"Believe me, this is par for the course for him. From Nathan's perspective, the sky is the limit because no rules have the power to hold him back."
"So how did he respond when you told him that the company can't implement his plan?"
"He got this silly grin on his face. I don't know how to describe it. It wasn't sinister, but it wasn't innocent either. I guess that you could say it was peculiar. His mouth gaped a little and that peculiar grin set in, and then he said flippantly, 'Why?'"
Cynthia replied, "He wanted to know why it's wrong to break company rules?"
John Mark answered, "No, he was telling me that since it doesn't seem wrong to him, then the company shouldn't think it's wrong either."
"Are you sure that's what he meant?"
John Mark replied, "It adds up with everything else. Think about it. Nathan lives in his own world. He can't see the difference between his own imagination and reality. In fact, I believe that Nathan sees the company as an extension of himself. And let's face it, Cynthia, Nathan has unusual self-regard."
"You couldn't get through to him today at all?"
"Not on the main point that I was tr ying to make."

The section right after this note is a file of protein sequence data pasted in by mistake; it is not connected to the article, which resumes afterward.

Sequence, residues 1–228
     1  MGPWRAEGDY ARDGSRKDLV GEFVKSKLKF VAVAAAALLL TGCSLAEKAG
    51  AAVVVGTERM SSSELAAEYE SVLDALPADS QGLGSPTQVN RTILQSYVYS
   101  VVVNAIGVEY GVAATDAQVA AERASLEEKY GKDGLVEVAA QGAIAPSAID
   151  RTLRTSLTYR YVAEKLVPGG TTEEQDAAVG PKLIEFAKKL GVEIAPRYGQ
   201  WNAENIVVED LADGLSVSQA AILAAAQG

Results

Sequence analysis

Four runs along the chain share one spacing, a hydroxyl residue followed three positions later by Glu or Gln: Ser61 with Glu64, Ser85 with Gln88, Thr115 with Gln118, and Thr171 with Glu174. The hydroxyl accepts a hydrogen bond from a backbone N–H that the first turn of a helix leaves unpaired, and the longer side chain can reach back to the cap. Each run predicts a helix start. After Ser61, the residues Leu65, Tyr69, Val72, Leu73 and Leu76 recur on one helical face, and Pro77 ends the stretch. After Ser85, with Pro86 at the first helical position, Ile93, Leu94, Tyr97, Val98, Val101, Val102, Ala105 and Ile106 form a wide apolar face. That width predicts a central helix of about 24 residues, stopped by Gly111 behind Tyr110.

Cynthia sighed. "Well, I can see why you feel upset."
"It's annoying," said John Mark. "I mean, I'm trying to help the guy. But he elevates himself so far above the rest of us that he simply can't conceive of needing to make changes in himself."
"Does anyone else see a problem in Nathan?" Cynthia asked.
"Almost all of us who work for him see the problem in spades. We talk about it openly. Unfortunately, I'm the only one who has confronted Nathan personally. The others are too afraid. Nathan can be so intimidating. He drops these little hints about not wanting anyone to be fired."
"Yeah, that scares me too. I hope you don't lose your job," said Cynthia.
"I'm not worried about that," said John Mark. "I'm worried about the mess that is likely to ensue. My fear is that Nathan will stay in the company just long enough to create a disaster, and then he'll move to another company. I'll be left there, along with a few others, to sort through all the debris."
"How long has Nathan been a part of the company? About six or seven years?"